The same process takes place with the apostles too, albeit less dramatically. They come to Jesus as fishermen and tax collectors, and in Paul’s case as a persecutor of the apostles. After their encounters with Jesus and the risen Christ, they finally grasp their true and authentic identities as the missionaries of the Gospel and the church Christ founded.
All of the men and women who undergo this conversion process take on their new identities as Christians, even though the term may not have occurred to them at that time. But they do more than that; they take an active role in building the church which Christ built on the rock of Peter. They understood their authentic identity required more than just a sense of self, but also a sense of mission and purpose. They put their own wills subordinate to the Lord’s, and took on His mission to spread salvation across the world to all peoples.
This was the original mission of Israel in reverse. The Lord wished Israel to be a nation of priests serving Him alone, to which the nations of the world would come to learn the Law and salvation. Israel lost its way, choosing to serve itself as a worldly nation rather than serving the Lord, and adopting idolatry over fidelity. Those within the kingdoms of Israel and Judah chose selfishness and sin, and today’s first reading gives us an example in Shebna, a powerful man in Hezekiah’s palace. The prophet Isaiah prophesies that Shebna’s self-serving days are coming to a close:
“I will thrust you from your office and pull you down from your station. On that day I will summon my servant Eliakim, son of Hilkiah; I will clothe him with your robe, and gird him with your sash, and give over to him your authority. He shall be a father to the inhabitants of Jerusalem, and to the house of Judah. I will place the key of the House of David on Eliakim’s shoulder; when he opens, no one shall shut, when he shuts, no one shall open. I will fix him like a peg in a sure spot, to be a place of honor for his family.”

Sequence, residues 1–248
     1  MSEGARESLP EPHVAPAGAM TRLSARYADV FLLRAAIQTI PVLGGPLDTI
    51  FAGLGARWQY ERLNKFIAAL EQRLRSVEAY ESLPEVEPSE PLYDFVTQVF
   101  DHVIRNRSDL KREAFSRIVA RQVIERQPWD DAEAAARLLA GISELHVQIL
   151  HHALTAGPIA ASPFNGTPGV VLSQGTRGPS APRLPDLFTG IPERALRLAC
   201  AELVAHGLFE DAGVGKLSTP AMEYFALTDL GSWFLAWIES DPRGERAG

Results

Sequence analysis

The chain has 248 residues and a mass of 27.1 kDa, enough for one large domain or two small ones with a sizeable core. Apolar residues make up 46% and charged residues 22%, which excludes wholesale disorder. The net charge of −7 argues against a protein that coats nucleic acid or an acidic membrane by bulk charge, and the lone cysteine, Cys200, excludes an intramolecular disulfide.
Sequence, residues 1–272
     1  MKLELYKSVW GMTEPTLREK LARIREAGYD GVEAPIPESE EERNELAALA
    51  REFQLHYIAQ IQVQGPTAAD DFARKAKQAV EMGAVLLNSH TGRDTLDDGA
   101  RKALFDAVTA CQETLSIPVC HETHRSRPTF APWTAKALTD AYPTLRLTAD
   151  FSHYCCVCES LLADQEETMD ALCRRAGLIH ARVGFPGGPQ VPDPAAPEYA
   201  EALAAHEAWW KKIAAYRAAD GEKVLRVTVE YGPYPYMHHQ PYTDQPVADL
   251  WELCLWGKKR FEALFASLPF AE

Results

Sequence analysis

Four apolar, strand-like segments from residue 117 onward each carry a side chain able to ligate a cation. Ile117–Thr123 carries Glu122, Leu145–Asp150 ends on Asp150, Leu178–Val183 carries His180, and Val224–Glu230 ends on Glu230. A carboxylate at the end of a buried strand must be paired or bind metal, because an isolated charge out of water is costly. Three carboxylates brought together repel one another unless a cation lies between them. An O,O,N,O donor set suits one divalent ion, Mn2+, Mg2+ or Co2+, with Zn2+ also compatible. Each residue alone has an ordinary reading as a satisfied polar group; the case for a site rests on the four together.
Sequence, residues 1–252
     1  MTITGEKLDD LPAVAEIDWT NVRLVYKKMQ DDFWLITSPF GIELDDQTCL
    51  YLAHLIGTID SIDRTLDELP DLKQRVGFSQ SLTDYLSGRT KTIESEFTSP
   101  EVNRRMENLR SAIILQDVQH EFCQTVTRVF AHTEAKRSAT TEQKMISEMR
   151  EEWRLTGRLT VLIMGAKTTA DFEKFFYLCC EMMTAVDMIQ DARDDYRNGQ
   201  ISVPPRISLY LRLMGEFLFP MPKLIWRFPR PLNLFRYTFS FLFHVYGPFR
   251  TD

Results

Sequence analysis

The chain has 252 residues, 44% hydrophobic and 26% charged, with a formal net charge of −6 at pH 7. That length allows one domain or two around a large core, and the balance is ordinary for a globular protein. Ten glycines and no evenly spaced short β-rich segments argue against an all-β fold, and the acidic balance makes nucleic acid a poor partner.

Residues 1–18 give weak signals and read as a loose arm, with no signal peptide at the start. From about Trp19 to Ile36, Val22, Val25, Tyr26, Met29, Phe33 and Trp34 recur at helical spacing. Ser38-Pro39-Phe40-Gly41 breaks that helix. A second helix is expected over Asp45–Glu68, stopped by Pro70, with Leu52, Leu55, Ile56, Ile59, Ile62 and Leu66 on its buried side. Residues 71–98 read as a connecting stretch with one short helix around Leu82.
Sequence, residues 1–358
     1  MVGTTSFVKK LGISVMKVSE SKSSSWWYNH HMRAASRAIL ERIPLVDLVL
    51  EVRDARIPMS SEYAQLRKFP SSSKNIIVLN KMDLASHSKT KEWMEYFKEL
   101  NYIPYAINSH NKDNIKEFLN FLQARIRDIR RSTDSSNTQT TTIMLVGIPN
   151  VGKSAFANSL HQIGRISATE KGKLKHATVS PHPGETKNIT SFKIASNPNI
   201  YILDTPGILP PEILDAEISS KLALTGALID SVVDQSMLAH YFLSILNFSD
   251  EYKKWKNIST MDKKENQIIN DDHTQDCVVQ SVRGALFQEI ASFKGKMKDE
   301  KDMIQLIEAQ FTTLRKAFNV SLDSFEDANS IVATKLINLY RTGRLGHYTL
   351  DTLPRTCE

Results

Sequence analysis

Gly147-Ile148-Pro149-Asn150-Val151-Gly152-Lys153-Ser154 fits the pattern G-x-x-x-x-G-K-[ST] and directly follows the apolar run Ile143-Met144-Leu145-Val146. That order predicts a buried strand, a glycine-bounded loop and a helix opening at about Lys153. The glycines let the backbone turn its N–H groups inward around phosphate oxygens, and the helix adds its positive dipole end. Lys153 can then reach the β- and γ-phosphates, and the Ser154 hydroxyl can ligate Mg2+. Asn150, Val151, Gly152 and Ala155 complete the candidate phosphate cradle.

The question for us in today’s Gospel is the same as it was in high school, college, and most of our lives: who do we think we are? Acknowledging Jesus as Christ forces us to make that choice for ourselves — to either assume an authentic identity as a Christian or to reject it. To embrace Jesus as Lord or to remain stuck in our own desires and addictions. To join the mission of spreading the Good News of salvation, or to abandon it for our own ambitions. To recognize God, or to keep assuming we’re our own gods.
Sin is that rejection, but even in that, do not despair. Peter didn’t get it fully correct at first either, and neither did the rest of the apostles. Finding our authentic identity will take most of us our entire lifetimes. We can only begin that journey, though, when we declare who we really are — and commit to it.
The front-page image is the Church of the Primacy of Peter on the Sea of Galilee in Tabgha, Israel. From my own collection.
“Sunday Reflection” is a regular feature, looking at the specific readings used in today’s Mass in Catholic parishes around the world. The reflection represents only my own point of view, intended to help prepare myself for the Lord’s day and perhaps spark a meaningful discussion. Previous Sunday Reflections from the main page can be found here. For previous Green Room entries, click here.